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Photo shows a reddish-brown sea star.
The Pisaster ochraceus sea star is a keystone species. (credit: Jerry Kirkhart)

Biology in action

Invasive species

Invasive species are non-native organisms that, when introduced to an area out of its native range, alter the community they invade. In the United States, invasive species like the purple loosestrife ( Lythrum salicaria ) and the zebra mussel ( Dreissena polymorpha ) have altered aquatic ecosystems, and some forests are threatened by the spread of common buckthorn ( Rhamnus cathartica ) and garlic mustard ( Alliaria petiolata ). Some well-known invasive animals include the emerald ash borer ( Agrilus planipennis ) and the European starling ( Sturnus vulgaris ). Whether enjoying a forest hike, taking a summer boat trip, or simply walking down an urban street, you have likely encountered an invasive species.

One of the many recent proliferations of an invasive species concerns the Asian carp in the United States. Asian carp were introduced to the United States in the 1970s by fisheries (commercial catfish ponds) and by sewage treatment facilities that used the fish’s excellent filter feeding abilities to clean their ponds of excess plankton. Some of the fish escaped, and by the 1980s they had colonized many waterways of the Mississippi River basin, including the Illinois and Missouri Rivers.

Voracious feeders and rapid reproducers, Asian carp may outcompete native species for food and could lead to their extinction. One species, the grass carp, feeds on phytoplankton and aquatic plants. It competes with native species for these resources and alters nursery habitats for other fish by removing aquatic plants. Another species, the silver carp, competes with native fish that feed on zooplankton. In some parts of the Illinois River, Asian carp constitute 95 percent of the community's biomass. Although edible, the fish is bony and not desired in the United States. Moreover, their presence now threatens the native fish and fisheries of the Great Lakes, which are important to local economies and recreational anglers. Asian carp have even injured humans. The fish, frightened by the sound of approaching motorboats, thrust themselves into the air, often landing in the boat or directly hitting boaters.

The Great Lakes and their prized salmon and lake trout fisheries are being threatened by Asian carp. The carp are not yet present in the Great Lakes, and attempts are being made to prevent its access to the lakes through the Chicago Ship and Sanitary Canal, which is the only connection between the Mississippi River and Great Lakes basins. To prevent the Asian carp from leaving the canal, a series of electric barriers have been used to discourage their migration; however, the threat is significant enough that several states and Canada have sued to have the Chicago channel permanently cut off from Lake Michigan. Local and national politicians have weighed in on how to solve the problem. In general, governments have been ineffective in preventing or slowing the introduction of invasive species.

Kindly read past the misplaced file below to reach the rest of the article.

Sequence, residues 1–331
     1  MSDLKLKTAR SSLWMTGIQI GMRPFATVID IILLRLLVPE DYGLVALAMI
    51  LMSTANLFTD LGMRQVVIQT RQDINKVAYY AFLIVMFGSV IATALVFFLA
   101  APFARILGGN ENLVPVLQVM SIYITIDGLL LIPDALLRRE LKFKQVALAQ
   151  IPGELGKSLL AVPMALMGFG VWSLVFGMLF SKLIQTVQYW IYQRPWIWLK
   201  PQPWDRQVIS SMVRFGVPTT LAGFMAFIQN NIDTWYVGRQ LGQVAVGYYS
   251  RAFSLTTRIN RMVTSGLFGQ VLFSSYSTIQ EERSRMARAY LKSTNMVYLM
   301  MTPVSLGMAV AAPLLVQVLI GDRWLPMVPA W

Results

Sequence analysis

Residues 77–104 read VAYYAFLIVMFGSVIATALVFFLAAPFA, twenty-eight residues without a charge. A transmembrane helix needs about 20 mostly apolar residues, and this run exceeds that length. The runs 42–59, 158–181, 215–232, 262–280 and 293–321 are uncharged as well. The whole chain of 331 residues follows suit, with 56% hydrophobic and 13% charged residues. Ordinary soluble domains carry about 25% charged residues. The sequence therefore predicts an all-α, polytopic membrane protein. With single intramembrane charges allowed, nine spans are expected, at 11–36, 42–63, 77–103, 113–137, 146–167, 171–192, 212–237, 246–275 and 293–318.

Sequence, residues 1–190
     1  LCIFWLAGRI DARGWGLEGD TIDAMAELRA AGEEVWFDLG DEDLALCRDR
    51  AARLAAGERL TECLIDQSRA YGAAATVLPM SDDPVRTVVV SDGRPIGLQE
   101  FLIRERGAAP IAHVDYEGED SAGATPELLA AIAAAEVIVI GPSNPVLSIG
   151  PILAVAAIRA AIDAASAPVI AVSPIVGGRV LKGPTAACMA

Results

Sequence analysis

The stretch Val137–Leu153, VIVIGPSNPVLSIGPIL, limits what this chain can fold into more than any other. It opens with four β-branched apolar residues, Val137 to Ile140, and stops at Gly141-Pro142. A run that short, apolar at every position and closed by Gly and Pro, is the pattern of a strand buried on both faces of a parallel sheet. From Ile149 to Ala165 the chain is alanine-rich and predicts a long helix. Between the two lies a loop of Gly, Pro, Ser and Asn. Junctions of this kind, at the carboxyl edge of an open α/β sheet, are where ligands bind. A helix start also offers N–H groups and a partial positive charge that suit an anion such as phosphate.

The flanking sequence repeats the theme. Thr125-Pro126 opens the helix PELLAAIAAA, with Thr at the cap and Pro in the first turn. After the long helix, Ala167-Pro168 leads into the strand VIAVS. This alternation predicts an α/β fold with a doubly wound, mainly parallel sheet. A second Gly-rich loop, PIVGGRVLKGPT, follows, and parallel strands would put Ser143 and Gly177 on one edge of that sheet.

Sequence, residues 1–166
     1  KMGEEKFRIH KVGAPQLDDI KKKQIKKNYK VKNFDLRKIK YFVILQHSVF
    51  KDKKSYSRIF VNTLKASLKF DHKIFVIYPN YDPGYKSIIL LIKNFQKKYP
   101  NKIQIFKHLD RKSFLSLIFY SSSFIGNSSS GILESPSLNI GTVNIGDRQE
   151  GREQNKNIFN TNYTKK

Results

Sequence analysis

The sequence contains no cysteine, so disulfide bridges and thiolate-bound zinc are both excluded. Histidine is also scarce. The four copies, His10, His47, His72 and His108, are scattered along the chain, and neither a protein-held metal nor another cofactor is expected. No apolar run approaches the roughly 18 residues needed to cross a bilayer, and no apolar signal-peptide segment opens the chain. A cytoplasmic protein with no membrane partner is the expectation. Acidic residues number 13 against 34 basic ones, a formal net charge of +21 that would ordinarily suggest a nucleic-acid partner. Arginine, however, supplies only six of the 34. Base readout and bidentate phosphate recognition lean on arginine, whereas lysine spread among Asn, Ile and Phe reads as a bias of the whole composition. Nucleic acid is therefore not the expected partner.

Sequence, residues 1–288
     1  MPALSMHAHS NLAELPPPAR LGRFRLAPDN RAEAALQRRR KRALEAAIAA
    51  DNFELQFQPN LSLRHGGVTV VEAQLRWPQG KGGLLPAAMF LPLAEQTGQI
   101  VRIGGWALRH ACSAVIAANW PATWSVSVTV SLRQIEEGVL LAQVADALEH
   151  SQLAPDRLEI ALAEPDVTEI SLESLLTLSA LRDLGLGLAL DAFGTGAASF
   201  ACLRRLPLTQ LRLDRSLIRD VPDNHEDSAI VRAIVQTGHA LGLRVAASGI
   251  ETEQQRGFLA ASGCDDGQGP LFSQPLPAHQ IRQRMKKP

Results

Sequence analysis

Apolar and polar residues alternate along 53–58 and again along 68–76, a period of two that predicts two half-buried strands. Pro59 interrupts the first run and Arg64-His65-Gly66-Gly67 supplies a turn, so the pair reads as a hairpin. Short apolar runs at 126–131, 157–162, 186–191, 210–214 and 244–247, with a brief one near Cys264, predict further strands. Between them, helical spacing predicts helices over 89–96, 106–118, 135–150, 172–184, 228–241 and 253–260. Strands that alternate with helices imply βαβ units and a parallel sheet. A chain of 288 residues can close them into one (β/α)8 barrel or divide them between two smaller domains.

The issues associated with Asian carp show how population and community ecology, fisheries management, and politics intersect on issues of vital importance to the human food supply and economy. Socio-political issues like the Asian carp make extensive use of the sciences of population ecology, the study of members of a particular species occupying a habitat; and community ecology, the study of the interaction of all species within a habitat.

Questions & Answers

procce of digestion of proteins a long human alimentarycanal
Carson Reply
what are the properties of lipids?
Isiah Reply
They are: Fatty acids, fats, oils, waxes, phospholipid, glycolipids, steroids and some vitamins
Rachel
explain why a fresh water fish excrete ammonia
Leonard Reply
plz answer my question
Leonard
sorry i meant it has a nucleous unlike plant cells lol
Lailah
Ammonia is the end product of protein catabolism and is stored in the body of the fish in high concentrations relative to basal excretion rates. Ammonia, if allowed to accumulate, is toxic and is converted to less toxic compounds or excreted
Rachel
What are eukaryotic cells?
Nwosueke Reply
cell with no nucleous so not a plant cell
Lailah
eukaryotic cells are membrane bound organelles that have a membrane bound nucleus
ojeen
where does the cell get energy for active transport processes?
A'Kaysion Reply
IDK maybe glucose
Lailah
what is synapsis
Adepoju Reply
how many turns are required to make a molecule of sucrose in Calvin cycle
Amina Reply
why Calvin cycle occurs in stroma
Amina
why do humans enhale oxygen and exhale carbondioxide?
Maryam Reply
why do humans enhale oxygen and exhale carbondioxide? For the purpose of breaking down the food
dil
what is allele
uzoka Reply
process of protein synthesis
SANTOSH Reply
what is cell
Zulf Reply
a cell is a smallest basic, structural and functional unit of life that is capable of self replication
Lucas
why does a fresh water fish excrete ammonia
Leonard
plz answer my question
Leonard
Ammonia is a toxic colorless gas and when its inside the fish biological system is converted to a less toxic compound then excreted in the form of urea. However too much ammonia will kill the fish " Ammonia Poisoning " which is a very common disease among fish.
This
what is cytoplasm
uzoka Reply
cytoplasm is fluid of cell.
Deepak
how many major types of Cloning
Saeed Reply
two
amir
two
Zulf
comparative anatomy of gymnosperms?
Meenakshi Reply
anatomy of gymnosperms
Meenakshi
how genes are regulated
Ainjue Reply

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Source:  OpenStax, Concepts of biology. OpenStax CNX. Feb 29, 2016 Download for free at http://cnx.org/content/col11487/1.9
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